- Loss after tax widened by 961%
- Macadamia production declined by 14%
- Operating and production costs continued rising since 2019
- Loss was hugely attributed to failure to access Chinese markets and RBZ’s 40% export retention thresholds
Harare- ZSE- listed diversified Group, Ariston Holdings Limited has capped the full-year ended 30 September 2022 in loss after encountering setbacks from within the Group based on cost containing measures and headwinds from both national and international level.
The Group, which focuses more on macadamia and tea production and then diversified to potatoes, commercial maize, soya-beans, bananas and poultry posted a loss after tax of ZWL797 million from a loss of ZWL75 million in 2021, a loss increase of 961% which is an alarming figure.
The Group’s cost-containing strategies continued struggling since 2019 as witnessed by the continued increase in production costs and operating expenses from 9% to over 70%. The results show that the Group has struggled to implement cost-containing measures in a turmoil economic environment coupled with currency depreciation, inflationary pressures, power shortages and global economic shocks.
The graph below shows the Group’s production costs and expenses over four years
Costs of production between 2022 and 2021 increased by 9% with operating expenses hitting a 9% decrease as well while between 2021 and 2020, production costs shoot by 30% with operating costs soaring by 72%. The Group lastly recorded a solid profit after tax in 2019 when both production costs and operating expenses were effectively contained.
One of the cost-cutting strategies implemented by the Group was shifting from human labour to mechanisation. In 2021, the Group said in the long run, it plans to mechanise its whole processes to deal with labour and productivity issues. Improvements made through automation of certain production tasks released labour for harvesting resulting in improved production volumes, particularly for tea.
However, the Group’s huge losses skewed towards the loss of Chinese markets for macadamia nuts, loss of more revenue to Reserve Bank of Zimbabwe’s 40% retention thresholds and reduced macadamia production during the year under review.
From the local front, the Group attributed the waned performance to poor aggressive monetary policies that have seen companies losing more of their revenues through the export retention thresholds while at national level, loss of Chinese markets reduced macadamia nuts profit.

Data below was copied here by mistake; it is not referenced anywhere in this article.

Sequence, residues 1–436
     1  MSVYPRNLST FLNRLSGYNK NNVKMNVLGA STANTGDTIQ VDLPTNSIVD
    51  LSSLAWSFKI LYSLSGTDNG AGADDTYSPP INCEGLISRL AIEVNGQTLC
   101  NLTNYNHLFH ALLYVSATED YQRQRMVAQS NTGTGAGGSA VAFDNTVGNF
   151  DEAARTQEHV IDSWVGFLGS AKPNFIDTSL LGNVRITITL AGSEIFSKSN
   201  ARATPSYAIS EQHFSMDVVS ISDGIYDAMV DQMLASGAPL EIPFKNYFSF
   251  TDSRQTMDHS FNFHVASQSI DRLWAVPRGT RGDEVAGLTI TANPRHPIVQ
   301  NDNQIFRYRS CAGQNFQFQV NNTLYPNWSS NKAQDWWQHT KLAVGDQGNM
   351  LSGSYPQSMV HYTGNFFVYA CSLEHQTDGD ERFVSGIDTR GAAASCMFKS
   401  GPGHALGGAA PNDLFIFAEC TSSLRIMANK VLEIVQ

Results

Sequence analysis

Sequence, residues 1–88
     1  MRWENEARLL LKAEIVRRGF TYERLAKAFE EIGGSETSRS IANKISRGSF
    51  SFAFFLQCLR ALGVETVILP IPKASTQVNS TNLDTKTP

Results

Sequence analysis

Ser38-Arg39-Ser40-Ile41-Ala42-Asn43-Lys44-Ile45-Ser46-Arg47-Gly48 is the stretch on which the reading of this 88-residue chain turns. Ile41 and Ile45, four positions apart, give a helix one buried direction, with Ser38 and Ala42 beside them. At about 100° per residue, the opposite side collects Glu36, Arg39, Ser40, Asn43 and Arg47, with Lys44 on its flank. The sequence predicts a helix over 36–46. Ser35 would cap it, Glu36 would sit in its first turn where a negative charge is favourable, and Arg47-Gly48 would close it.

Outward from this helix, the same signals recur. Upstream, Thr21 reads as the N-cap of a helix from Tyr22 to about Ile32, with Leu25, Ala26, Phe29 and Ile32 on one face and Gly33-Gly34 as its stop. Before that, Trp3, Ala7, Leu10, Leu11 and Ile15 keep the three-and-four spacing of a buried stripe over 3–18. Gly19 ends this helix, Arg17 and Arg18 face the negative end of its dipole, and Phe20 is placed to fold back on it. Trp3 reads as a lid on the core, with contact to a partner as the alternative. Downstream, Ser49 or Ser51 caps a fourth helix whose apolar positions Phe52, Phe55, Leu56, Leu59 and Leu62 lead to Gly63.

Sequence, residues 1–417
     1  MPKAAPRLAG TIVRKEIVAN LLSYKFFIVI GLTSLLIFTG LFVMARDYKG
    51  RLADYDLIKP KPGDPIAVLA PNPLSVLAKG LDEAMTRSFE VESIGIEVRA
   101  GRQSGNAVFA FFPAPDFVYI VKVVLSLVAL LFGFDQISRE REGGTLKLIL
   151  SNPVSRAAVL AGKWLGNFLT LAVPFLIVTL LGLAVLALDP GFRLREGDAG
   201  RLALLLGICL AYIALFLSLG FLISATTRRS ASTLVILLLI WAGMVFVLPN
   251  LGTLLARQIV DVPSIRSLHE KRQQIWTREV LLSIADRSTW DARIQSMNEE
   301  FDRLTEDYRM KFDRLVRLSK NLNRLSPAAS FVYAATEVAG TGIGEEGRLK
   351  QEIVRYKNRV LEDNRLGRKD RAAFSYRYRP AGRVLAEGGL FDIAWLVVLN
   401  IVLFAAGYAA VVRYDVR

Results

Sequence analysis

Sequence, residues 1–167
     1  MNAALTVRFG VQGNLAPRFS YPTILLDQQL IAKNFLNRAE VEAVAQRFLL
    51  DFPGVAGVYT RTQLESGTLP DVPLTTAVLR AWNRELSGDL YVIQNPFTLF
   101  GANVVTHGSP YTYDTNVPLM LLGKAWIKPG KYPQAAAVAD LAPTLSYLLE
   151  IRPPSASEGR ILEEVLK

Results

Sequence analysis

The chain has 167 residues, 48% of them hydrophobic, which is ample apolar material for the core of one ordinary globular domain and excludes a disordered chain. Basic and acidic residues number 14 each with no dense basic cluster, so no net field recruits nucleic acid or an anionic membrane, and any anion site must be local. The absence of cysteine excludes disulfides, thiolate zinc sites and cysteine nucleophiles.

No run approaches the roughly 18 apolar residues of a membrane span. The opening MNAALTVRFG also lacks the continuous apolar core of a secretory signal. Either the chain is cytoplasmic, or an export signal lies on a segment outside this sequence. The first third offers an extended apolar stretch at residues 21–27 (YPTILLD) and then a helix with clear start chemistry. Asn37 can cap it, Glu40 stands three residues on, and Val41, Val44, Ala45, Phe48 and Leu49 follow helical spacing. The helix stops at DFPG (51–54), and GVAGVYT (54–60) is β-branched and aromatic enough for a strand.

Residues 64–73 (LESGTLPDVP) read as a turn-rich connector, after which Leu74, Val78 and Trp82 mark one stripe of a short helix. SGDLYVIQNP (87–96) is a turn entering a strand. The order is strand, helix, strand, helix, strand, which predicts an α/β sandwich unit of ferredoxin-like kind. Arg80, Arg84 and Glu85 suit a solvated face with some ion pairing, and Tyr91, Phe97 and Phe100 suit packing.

Hence, revenue flopped by 12% to ZWL4.1 billion from ZWL4.7 billion in 2021. The Group said in real terms, the revenue line was adversely affected by the reduction in the average selling price of macadamia and lower macadamia nut yield in the current year.
Commenting on the loss after tax incurred during the reporting period, the Group’s chairperson, Alexander Jongwe said, “A current year loss from operations was posted arising from the impact of the mismatch arising from revenue from exports where Reserve Bank of Zimbabwe (RBZ) retention continued to be paid at a rate significantly lower than the rate being charged by local suppliers resulting in real erosion of value.”
In 2021, the RBZ increased the tax retention thresholds from 30% to 40% starving companies of sufficient foreign currency needed to fund and grow operations. RIOZIM, one of the leading gold mining companies once reported a loss of circa 55% in total revenues. However, in his 2023 national budget speech, Finance and Economic Development Minister, Professor Mthuli Ncube said the retention thresholds will be revised by the end of 2023’s first quarter.
Profit was further affected by the low production of macadamia and market extinction in China for the macadamia nuts due to the COVID-19 pandemic which forced China to close its markets. That flooded the nuts in the market resulting in low prices.
Macadamia production volumes declined by 14% from 1292 tons to 1106 tons despite an improvement in product quality
“Unfortunately, due to the effects described above on the macadamia market size and demand, the average selling price declined by 21% when compared to the prior comparative average price.”
“As a result of COVID-19 lockdowns, the Chinese market remained largely unavailable to the rest of the world resulting in an oversupply for the nut cracking market with a decline in average selling prices,” said Jongwe.
However, despite the average export tea selling price declining by 1%, tea production volume continued on an upward trajectory with a 15% increase to 3158 tons from 2748 tons in the prior comparative period while export sales were up by 10%, a slight recovery in the tea market after the declines suffered with the onset of COVID-19 pandemic disruption.
Current year average selling prices for local tea sales improved by 12% in USD terms whilst volumes declined by 16% when compared to the prior comparative period.
The “Other Products” category comprising potatoes, commercial maize, soya beans, seed maize and bananas contributed 10% to the Group’s turnover, down from 11% contribution in the prior comparative period while revenue from poultry grew by 58% as a result of an increase in the number of placements.
“The diversification of the Group’s product offering has never been more important than in the current year. Aggressive growth in the crop offering of basic commodities grown from Kent Estate helped the Group immensely in the current financial year,” Jongwe said.
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